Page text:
Some people have taken issue with the fact that in reality, Helfer is too young to be the mother of Ellis and costar D.B. Woodside, who plays the angel Amenadiel. However, as Helfer points out, none of these supernatural beings are in their original form. “That’s the thing. When you’re body-stealing, it’s one thing where Sally Field was playing Tom Hanks’ mother, and in another movie, a year or two before, she played his love interest. I remember hearing something about that story. We’re not trying to play me off as somebody that could have realistically had them in terms of this body. This isn’t Mom’s human form. She didn’t have a human form. And this isn’t the first human vessel that she’s attempted to get into. There were just other things that happened, making her have to abort that mission, so to speak. So she just happenstance falls into this, and I think it’s good in the way that Lucifer and Amenadiel aren’t going to be expecting that this is her. So they really spend a lot of the first episode [of the season] trying to find her – they don’t know who they’re looking for. They know they’re looking for Mom, but they don’t know what she’s going to look like, or if she’s going to be a man. They don’t know what human vessel she’s going to be in.”
As far as playing mother to her costars, Helfer relates, “I think it was good that I had scenes with Tom, single, and I had scenes with D.B., single, before we all we in a scene together. And I think that was important for me, and I think for them as well, that we could then have that one on one time off-camera. We didn’t sit down and meet for weeks beforehand about it, no, but we did have that solid time together to talk and kind of get to know each other and get to know the parameters. With TV, you don’t know exactly what-all is coming. I don’t know what’s coming [toward the end of the season]. Actually, my height, I think, helped me in one way. Both of them are tall, they’re tall, strapping men, right? And you go, ‘You know what? Not that a mom couldn’t be a heck of a lot taller than them, but …’ I come in, and we did a scene together where it’s the three of us, and I’m looking at them eye to eye, and I’m having that conversation with them, and that sometimes brings in an element as well, just a physical element. But hopefully, I’m bringing the internal element of being their mother, and how they react to me. There’s been a lot of miscommunication and a lot of misunderstanding between these characters over the many, many years.”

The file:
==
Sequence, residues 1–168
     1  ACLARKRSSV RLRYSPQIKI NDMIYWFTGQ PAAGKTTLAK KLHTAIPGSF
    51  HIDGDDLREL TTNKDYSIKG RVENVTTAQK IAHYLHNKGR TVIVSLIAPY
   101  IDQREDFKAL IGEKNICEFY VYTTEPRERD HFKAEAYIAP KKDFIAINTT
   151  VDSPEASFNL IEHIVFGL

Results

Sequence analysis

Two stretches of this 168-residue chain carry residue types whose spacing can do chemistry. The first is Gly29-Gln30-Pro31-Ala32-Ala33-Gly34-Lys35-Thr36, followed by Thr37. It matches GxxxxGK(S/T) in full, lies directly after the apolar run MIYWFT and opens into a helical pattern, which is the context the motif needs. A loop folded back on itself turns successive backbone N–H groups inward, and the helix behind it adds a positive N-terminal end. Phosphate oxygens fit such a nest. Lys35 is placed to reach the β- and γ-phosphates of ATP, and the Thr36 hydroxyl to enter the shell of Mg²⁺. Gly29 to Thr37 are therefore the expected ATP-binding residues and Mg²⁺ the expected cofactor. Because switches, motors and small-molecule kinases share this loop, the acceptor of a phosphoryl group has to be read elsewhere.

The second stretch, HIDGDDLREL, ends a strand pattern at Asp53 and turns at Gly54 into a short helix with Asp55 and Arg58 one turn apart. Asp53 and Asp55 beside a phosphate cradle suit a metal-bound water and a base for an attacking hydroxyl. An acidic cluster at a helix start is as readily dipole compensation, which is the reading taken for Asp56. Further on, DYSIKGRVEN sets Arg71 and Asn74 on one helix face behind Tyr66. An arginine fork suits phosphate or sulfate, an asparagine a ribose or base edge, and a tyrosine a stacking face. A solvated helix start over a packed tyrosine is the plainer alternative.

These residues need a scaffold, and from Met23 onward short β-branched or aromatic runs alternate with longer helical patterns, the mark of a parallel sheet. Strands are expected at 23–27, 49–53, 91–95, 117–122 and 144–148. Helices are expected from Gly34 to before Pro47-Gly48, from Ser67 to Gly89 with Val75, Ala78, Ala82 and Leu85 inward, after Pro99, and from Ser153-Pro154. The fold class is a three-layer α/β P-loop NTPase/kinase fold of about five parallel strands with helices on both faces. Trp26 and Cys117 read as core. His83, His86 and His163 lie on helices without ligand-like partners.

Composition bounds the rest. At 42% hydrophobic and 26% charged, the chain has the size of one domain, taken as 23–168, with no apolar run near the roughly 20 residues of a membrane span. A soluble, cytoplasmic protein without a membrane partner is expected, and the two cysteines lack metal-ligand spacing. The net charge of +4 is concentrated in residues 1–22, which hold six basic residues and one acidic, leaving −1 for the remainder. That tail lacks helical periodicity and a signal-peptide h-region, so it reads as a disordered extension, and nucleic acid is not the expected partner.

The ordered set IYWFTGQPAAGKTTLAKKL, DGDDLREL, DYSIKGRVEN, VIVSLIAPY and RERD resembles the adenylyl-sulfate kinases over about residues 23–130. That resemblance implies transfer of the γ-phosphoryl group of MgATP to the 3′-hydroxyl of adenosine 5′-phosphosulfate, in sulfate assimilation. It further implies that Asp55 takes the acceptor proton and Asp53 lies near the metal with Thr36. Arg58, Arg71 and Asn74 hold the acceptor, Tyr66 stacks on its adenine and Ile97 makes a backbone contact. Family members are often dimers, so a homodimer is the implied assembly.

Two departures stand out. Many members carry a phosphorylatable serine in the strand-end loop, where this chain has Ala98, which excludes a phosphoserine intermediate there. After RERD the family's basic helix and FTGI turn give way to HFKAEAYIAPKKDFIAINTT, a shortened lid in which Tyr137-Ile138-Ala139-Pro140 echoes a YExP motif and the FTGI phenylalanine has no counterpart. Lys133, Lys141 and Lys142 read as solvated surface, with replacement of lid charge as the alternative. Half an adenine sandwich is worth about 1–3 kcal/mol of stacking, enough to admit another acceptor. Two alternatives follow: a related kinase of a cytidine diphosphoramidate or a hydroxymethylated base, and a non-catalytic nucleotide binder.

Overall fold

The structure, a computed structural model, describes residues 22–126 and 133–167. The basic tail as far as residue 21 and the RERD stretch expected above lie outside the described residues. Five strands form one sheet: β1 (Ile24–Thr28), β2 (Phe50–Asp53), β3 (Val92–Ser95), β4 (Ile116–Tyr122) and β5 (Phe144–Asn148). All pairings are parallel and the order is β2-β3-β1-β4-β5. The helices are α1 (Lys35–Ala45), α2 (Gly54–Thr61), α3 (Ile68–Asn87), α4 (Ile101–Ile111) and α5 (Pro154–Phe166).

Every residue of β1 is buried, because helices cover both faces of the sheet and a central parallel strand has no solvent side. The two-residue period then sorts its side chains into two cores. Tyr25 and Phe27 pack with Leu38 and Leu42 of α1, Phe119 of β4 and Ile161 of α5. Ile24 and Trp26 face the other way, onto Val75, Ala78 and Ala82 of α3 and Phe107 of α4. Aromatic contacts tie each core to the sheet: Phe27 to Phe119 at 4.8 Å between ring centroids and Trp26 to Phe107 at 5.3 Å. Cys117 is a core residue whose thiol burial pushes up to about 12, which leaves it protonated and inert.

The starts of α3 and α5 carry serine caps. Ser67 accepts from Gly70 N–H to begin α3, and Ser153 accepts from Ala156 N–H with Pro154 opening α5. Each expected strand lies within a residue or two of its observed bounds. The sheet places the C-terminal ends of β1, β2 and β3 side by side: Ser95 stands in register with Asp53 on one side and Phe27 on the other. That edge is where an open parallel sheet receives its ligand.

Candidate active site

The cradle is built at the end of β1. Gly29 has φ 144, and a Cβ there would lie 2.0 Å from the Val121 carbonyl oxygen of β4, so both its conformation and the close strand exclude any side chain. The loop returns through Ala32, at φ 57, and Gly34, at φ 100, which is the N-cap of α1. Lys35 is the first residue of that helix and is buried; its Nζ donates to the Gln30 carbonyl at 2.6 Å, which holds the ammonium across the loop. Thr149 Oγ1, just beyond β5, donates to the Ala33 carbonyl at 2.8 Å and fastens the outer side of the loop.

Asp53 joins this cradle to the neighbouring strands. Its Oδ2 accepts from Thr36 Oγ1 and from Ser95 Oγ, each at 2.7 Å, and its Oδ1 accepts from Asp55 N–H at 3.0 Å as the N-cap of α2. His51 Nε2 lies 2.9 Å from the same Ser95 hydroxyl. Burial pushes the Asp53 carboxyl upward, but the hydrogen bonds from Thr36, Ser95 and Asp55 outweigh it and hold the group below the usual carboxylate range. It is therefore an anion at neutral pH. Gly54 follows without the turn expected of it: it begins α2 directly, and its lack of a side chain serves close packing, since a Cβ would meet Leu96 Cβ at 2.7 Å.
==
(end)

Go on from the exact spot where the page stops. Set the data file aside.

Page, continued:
Will LUCIFER reveal what the relationship was between God and Charlotte? Helfer says she discussed it with show runners/executive producers Ildy Modrovich and Joe Henderson. “Yes, we have our flippant version of how we described it. Joe and Ildy described it to me in layman’s terms of, ‘Okay, this is what happened, and then they fell in love and then …’”